That said, the current cartel-like setup of certificate authorities (protection money and everything!) makes SSL annoying and expensive if you want the browser to not have a fit. Especially for small-scale projects. But there's really no excuse for larger sites.
Works — of course — everywhere except IE6/7XP.
An alternative is to bind the user's session to their IP address, but that isn't fool proof either because of NAT, DHCP and certain big ISPs that tend to change IPs on the fly.
What cost-effective solution would you suggest?
Regarding IPs, there's a bigger issue here. People are used to being able to shut their laptop at home and open it back up at work without having to re-authenticate all their browser tabs. If you filter by IP this breaks. SSL requires no changes to user behavior.
It would make it harder to troll an open network for random victims, and wouldn't annoy the user.
 Perhaps a hash based on something like this https://panopticlick.eff.org/
then the next version of this plugin just spoofs all of those parameters as well
the only solution is SSL and client certificates
 in the case of being on the same network
In general, it's a negligible cost; it adds a very minor delay compared to latency / transfer time, and uses CPU otherwise highly unlikely to be pegged. If you're pushing threading limits / CPU usage limits, you're probably inches from needing new hardware anyway, and SSL should be considered part of the cost of running a web server.
It's gotta be SSL all the time.
Looks like a great idea, but how do they prevent the man-in-the-middle from impersonating a network notary?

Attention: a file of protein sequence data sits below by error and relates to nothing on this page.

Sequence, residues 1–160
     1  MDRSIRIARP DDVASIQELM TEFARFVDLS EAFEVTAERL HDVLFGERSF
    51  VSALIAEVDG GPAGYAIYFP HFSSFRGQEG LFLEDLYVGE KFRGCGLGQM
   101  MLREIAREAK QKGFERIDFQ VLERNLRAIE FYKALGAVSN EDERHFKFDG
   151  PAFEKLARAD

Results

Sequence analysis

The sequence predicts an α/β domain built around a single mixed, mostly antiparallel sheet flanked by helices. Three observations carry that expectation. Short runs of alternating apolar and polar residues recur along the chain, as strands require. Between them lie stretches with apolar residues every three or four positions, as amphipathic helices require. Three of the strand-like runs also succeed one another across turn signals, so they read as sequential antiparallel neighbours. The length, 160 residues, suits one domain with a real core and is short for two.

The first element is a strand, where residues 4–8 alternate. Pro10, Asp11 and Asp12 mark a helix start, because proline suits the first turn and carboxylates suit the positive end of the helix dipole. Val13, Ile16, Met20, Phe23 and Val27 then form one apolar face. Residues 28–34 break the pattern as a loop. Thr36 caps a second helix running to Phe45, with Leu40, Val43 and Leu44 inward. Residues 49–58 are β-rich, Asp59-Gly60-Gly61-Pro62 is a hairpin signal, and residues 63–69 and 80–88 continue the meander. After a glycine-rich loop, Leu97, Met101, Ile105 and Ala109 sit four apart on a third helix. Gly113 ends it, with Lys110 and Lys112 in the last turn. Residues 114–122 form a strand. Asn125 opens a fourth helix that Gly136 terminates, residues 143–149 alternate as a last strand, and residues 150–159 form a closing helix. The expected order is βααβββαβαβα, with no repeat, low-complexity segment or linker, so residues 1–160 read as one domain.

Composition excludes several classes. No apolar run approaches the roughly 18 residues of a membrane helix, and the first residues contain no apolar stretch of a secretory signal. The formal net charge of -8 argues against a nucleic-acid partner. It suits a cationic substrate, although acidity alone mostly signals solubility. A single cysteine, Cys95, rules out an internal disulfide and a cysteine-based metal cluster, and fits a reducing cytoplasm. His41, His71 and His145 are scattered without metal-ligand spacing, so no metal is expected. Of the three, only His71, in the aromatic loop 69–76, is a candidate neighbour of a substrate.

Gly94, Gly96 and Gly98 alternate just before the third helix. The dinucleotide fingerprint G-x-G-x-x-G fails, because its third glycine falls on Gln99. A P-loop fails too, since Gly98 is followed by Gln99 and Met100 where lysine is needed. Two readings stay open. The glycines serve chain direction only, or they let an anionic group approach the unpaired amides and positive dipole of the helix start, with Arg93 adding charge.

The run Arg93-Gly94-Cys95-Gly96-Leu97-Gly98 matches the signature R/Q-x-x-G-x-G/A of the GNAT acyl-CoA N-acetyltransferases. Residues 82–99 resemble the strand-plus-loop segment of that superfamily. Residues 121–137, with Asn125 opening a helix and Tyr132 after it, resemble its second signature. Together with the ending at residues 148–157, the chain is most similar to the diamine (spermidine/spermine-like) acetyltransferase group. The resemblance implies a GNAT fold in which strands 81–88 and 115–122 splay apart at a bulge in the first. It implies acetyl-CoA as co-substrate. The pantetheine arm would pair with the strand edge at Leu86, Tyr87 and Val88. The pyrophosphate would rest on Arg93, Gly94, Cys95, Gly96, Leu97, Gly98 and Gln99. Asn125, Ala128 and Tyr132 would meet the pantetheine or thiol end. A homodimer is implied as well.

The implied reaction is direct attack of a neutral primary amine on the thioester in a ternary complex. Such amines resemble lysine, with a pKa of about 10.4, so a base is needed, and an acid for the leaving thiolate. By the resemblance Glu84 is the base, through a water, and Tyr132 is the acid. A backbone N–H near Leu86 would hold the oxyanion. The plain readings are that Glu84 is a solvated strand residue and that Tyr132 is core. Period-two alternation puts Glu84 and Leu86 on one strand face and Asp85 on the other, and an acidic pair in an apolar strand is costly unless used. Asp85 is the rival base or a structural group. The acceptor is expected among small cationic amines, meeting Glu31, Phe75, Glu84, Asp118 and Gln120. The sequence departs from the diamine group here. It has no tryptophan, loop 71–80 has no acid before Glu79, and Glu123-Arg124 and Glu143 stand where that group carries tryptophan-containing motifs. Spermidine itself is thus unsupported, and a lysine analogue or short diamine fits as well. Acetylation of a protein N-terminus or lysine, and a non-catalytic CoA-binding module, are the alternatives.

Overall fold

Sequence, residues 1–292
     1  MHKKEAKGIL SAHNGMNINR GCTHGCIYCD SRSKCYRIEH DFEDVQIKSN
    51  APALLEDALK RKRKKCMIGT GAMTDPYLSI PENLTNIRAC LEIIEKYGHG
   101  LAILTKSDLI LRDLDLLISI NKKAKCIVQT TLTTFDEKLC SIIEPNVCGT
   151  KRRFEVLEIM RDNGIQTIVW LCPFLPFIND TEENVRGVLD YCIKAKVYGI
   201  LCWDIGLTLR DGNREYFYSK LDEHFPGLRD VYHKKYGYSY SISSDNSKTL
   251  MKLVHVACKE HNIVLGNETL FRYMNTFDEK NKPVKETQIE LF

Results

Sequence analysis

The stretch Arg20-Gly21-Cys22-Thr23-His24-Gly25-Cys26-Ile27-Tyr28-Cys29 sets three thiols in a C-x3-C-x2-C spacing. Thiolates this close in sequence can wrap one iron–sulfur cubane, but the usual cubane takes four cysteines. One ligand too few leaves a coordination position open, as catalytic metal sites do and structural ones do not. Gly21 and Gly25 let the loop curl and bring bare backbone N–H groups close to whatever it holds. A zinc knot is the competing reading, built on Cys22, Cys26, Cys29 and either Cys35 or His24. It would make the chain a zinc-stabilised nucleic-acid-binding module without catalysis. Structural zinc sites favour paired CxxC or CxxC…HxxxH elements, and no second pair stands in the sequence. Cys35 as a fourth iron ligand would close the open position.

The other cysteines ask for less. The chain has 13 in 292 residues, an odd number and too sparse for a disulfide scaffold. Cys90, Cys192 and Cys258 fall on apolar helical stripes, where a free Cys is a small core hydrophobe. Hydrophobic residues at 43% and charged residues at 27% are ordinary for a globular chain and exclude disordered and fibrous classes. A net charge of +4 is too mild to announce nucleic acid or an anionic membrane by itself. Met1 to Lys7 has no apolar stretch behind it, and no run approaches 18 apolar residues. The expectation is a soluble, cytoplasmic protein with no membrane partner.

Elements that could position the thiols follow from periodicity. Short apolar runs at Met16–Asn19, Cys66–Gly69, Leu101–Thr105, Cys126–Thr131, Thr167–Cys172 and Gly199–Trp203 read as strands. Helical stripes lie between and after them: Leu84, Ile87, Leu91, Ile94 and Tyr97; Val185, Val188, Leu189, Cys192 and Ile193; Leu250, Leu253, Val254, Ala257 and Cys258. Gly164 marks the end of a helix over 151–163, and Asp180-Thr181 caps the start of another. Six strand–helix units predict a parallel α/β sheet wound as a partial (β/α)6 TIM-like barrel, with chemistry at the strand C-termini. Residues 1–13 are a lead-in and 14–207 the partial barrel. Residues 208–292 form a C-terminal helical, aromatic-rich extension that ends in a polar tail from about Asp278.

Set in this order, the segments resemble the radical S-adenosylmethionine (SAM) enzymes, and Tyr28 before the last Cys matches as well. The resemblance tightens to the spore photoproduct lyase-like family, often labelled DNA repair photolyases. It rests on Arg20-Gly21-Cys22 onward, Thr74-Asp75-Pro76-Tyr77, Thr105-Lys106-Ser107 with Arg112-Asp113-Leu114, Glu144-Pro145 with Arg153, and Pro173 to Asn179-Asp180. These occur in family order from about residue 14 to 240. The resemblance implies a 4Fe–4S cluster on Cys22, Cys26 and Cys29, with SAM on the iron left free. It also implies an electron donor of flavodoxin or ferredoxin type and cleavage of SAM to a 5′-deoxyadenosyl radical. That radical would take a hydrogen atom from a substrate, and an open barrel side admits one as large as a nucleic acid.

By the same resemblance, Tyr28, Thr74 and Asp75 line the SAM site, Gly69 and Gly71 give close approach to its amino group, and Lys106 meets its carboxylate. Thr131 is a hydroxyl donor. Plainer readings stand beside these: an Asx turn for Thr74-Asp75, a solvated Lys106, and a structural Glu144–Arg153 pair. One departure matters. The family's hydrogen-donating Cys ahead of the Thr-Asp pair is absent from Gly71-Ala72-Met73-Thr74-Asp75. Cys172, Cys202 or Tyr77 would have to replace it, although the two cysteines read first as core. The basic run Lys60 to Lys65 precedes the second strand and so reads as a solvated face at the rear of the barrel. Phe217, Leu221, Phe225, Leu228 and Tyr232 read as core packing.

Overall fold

EDIT: I searched and it's actually http://cert.startcom.org/.
AFAIK this is common to all certs (free or otherwise). You need a separate one for each subdomain (including www).
I admire their model of only charging for operations which require human intervention, like identity validation, but handing over that degree of documentation for that amount of time requires a lot of trust, not just of the company as it currently exists, but as it will exist in the far future.
If there was a way to validate organizations which wasn't layered on top of an earlier validation of an individual, or if their decentralized web-of-trust was usable for class 2/wildcard certs, I'd be a big fan.
As it is, there's no reason not to use Start for class 1, single-domain certs, for which the validation is automated and reasonable.
For instance, from Verisign: a 1 year Microsoft code signing certificate starts at $499 . A top-of-the-line (from their main pages) web certificate for a single server for one year: $1499 
edit: it would figure the links don't work. Just go to www.verisign.com and those are a couple clicks from the front page.